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- Skip Bayless makes strong argument why he would take 2016 Cavs over 2020 Lakers
- LeBron James gets ‘chills’ rewatching Cavs’ historic NBA Finals win over Warriors
- Andre Drummond hints at working towards major evolution in his game
- Video: Cavs big man seen getting schooled by WNBA star in 1-on-1 matchup
Kyrie Irving Says Leaving LeBron James Was the ‘Best Thing’ He’s Done
- Updated: October 10, 2018
The relationship between both Kyrie Irving and LeBron James, now former members of the Cleveland Cavaliers, was seemingly always something that was worthy of conversation. That conversation increased even more when Irving asked in July 2017 to be traded away from the Cavaliers because of James’ dominant presence.
Howard Beck of Bleacher Report’s lengthy article on Irving looked into the eighth-year point guard’s personality and decision-making process. Irving indicated that his trade request to get away from James, which eventually led to a deal to the Boston Celtics, has turned out to be a great decision.
“I think it was the best thing I’ve done, honestly,” Irving said.
Shortly before James decided to return to the Cavaliers in July 2014, Irving agreed to a contract extension with the team. At the time of his deal, Irving was expecting to serve as the cornerstone of the Cavs, an idea that ended when James and Kevin Love were added during that offseason.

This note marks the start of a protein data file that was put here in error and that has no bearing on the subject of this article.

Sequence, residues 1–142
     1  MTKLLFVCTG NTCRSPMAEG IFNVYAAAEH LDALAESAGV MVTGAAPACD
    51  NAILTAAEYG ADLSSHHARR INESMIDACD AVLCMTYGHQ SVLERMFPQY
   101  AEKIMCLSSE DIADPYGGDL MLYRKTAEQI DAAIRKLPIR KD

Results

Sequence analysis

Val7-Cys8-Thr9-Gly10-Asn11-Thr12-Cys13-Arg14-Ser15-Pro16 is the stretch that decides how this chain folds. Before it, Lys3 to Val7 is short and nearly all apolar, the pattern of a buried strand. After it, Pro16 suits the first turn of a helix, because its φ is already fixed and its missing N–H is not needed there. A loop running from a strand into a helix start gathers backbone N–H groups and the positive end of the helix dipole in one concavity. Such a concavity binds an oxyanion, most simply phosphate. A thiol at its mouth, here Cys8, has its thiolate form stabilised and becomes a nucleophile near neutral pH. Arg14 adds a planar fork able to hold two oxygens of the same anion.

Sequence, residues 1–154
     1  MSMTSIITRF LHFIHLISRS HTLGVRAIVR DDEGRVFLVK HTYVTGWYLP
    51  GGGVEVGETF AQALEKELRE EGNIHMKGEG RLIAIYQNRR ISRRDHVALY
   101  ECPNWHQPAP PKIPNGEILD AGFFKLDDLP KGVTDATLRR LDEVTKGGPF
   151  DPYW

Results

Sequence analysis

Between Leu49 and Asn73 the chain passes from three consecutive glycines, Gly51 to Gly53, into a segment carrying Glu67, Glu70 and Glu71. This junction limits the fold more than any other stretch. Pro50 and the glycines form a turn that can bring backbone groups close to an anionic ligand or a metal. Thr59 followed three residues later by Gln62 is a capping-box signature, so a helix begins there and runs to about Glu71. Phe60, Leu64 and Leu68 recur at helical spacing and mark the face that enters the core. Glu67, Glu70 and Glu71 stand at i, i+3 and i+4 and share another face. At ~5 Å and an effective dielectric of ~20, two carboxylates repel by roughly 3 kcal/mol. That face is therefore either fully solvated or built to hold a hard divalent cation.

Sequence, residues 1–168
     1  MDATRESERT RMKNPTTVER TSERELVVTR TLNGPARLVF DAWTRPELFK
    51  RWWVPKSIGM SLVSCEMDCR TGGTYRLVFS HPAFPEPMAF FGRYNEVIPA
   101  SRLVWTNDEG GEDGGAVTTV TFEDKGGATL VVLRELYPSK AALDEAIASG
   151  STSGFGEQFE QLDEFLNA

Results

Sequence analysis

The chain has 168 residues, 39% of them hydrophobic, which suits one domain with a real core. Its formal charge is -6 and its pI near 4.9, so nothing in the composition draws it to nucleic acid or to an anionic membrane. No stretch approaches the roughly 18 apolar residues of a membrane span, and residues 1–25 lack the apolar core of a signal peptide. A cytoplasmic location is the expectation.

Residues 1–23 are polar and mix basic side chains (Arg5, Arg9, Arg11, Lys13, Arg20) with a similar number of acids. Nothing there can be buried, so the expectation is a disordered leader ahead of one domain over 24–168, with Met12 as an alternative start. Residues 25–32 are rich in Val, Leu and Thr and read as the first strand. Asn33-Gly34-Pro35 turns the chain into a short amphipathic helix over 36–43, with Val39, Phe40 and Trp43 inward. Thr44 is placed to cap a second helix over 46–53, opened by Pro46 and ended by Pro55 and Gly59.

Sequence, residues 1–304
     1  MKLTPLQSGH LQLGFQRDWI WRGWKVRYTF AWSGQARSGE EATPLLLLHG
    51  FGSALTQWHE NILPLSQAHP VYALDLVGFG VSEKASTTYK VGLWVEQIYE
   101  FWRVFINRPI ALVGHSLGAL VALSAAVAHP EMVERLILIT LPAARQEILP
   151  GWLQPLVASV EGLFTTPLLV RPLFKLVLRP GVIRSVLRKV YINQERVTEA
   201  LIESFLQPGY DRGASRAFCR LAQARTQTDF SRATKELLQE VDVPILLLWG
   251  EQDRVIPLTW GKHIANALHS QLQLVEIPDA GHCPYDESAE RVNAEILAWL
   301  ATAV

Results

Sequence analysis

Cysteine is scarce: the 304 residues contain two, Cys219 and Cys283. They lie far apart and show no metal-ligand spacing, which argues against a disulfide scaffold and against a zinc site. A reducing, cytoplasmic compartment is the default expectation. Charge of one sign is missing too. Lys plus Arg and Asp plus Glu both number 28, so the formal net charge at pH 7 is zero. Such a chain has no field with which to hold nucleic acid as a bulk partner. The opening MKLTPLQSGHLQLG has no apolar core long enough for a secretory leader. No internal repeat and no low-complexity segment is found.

During the time Irving and James were together in Cleveland, there were instances where James criticized Irving’s play, specifically related to his assists totals. Many of those times came during the duo’s first season together, when they occasionally had issues being in sync.
The pair eventually found its groove over the next three years, helping lead the Cavaliers to a trio of Eastern Conference titles and a 2016 NBA championship. That league title was won when Irving hit the game-winning shot in Game 7, though it was James who ultimately won finals MVP honors. One year later, sensing that he would continue to remain in James’ shadow, Irving made the trade request.
Now ready to begin his second season with the Celtics, Beck notes that Irving has a greater sense of freedom away from James:
“Joining a younger, less decorated roster has given Irving the latitude to lead and express himself in a way he never could in a locker room dominated by LeBron and a crowd of veterans in Cleveland.
‘Just be you,’ Irving says, smiling and chuckling slightly at invoking his own commercial mantra. ‘It finally hit me. It finally hit me at 26 years old, eight years in.'”
Irving didn’t play in either of last week’s preseason games between the Cavaliers and Celtics, with his first scheduled opportunity to face the Cavs this season coming on Nov. 30 at TD Garden in Boston.